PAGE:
Houston Methodist. Leading Medicine

Shoulder FAQ


I had a total shoulder replacement about nine months ago. I'm not really very happy with the results. My wife says, "What did you expect? It's just a fake joint, not the real thing." I guess I did expect more. Am I out of line? What do other people say?


Whether they know it or not, every patient goes into any surgery with certain expectations. In the case of joint replacements, it's typical to expect relief from pain and improved motion. Those two outcomes usually translate into better function, too. Expectations are often individual based on age, general health, and preoperative symptoms (pain, fatigue, inability to take care of self, depression). Sometimes patients are influenced by what the surgeon tells them about what to expect. According to a recent study from the Hospital for Special Surgery in New York City, younger adults expect more after total shoulder replacement when compared with older adults (65 and older). People wo have poorer health before surgery also tend to expect more afterwards. Anyone suffering pain (day or night) definitely goes into surgery expecting to be pain free afterwards. It might be helpful if you could identify what is not satisfactory for you. Include in your list your symptoms and what it is you want to be able to do that you are unable to do at this point. Take your list to the surgeon and discuss what is reasonable nine months post-op. It may be possible that a short course of physical therapy would be helpful in tipping the scale from "not very satisfied" to "very satisfied" with results. If your expectations are just too high, then that knowledge may help you reorder your thinking by lowering your expectations. That sounds simple and easy -- we know it's not. But sometimes that is still the best place to start. R. Frank Henn III, MD, et al. Preoperative Patient Expectations of Total Shoulder Arthroplasty. In The Journal of Bone and Joint Surgery. November 16, 2011. Vol. 93-A. No. 22. Pp. 2110-2115.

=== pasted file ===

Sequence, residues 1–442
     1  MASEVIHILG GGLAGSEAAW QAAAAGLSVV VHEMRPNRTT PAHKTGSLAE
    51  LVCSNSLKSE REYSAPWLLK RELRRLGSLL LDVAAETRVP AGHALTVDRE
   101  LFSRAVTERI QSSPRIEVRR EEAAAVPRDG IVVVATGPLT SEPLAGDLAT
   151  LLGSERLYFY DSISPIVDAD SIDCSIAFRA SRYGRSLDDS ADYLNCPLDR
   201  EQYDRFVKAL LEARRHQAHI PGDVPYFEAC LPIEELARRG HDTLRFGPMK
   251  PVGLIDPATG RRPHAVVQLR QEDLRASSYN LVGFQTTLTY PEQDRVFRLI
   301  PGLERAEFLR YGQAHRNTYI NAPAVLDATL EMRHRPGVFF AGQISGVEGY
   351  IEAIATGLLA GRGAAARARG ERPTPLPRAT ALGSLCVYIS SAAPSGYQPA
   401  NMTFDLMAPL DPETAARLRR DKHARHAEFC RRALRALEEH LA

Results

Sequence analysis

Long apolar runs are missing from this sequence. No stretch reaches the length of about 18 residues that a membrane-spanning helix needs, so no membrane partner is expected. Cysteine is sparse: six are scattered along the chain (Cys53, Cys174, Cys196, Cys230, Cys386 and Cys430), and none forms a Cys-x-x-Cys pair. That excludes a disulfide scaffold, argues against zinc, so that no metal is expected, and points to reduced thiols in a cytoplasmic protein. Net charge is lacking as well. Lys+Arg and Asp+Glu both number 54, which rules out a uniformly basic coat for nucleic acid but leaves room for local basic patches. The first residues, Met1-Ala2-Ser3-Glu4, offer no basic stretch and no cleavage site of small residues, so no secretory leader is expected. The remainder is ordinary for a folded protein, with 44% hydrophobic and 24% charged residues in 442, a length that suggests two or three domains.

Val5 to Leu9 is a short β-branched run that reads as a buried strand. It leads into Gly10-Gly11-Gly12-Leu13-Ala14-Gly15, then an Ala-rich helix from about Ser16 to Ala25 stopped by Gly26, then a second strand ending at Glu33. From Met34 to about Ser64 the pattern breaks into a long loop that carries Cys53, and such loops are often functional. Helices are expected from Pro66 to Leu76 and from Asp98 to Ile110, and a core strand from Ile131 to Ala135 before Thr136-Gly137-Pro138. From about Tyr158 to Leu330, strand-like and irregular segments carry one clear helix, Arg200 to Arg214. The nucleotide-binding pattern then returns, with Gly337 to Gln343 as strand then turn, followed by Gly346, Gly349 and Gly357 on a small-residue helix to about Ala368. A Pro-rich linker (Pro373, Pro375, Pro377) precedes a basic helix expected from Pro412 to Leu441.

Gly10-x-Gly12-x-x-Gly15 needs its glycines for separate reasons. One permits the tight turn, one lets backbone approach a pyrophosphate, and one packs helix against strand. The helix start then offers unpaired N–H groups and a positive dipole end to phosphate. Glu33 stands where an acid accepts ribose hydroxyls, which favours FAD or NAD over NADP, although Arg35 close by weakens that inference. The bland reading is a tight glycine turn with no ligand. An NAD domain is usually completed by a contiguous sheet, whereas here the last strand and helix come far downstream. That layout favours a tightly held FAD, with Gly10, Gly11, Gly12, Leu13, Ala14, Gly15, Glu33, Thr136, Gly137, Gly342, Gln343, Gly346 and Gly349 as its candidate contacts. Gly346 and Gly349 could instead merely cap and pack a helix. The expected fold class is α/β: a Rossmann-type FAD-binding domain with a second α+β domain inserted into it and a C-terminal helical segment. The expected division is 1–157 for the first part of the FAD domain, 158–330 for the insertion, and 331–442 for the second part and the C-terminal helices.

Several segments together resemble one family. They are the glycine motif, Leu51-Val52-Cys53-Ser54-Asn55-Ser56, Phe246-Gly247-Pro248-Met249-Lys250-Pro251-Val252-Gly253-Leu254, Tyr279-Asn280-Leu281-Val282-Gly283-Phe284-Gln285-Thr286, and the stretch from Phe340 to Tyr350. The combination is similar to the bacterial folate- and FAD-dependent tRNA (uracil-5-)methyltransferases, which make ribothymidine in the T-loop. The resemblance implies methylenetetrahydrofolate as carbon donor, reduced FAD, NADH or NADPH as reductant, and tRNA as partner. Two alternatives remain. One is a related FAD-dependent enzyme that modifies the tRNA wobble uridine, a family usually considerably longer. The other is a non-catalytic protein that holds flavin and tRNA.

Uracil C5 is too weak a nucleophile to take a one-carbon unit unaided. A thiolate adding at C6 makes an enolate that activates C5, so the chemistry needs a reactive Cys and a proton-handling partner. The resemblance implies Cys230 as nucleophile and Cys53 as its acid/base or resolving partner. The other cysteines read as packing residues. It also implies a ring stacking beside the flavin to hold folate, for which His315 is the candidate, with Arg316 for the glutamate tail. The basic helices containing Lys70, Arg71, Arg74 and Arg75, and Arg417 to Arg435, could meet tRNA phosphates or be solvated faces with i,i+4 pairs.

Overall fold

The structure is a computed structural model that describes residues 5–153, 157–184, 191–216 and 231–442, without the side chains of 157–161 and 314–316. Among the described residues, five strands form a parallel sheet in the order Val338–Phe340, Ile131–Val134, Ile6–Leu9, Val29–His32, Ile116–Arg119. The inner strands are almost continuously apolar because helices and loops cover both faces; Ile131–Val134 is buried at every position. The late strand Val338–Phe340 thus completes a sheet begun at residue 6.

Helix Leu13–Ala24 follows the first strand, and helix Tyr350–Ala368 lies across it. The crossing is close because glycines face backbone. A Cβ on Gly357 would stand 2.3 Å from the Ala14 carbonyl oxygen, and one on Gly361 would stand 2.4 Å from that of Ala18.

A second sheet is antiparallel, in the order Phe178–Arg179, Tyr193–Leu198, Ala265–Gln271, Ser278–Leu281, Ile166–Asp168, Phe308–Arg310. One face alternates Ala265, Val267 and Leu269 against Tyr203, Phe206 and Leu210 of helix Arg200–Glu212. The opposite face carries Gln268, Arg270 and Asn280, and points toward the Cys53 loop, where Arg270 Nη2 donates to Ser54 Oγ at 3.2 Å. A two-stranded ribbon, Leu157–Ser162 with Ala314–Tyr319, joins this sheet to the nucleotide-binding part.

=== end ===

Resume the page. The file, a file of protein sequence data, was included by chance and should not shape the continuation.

*Disclaimer:* The information contained herein is compiled from a variety of sources. It may not be complete or timely. It does not cover all diseases, physical conditions, ailments or treatments. The information should NOT be used in place of visit with your healthcare provider, nor should you disregard the advice of your health care provider because of any information you read in this topic.
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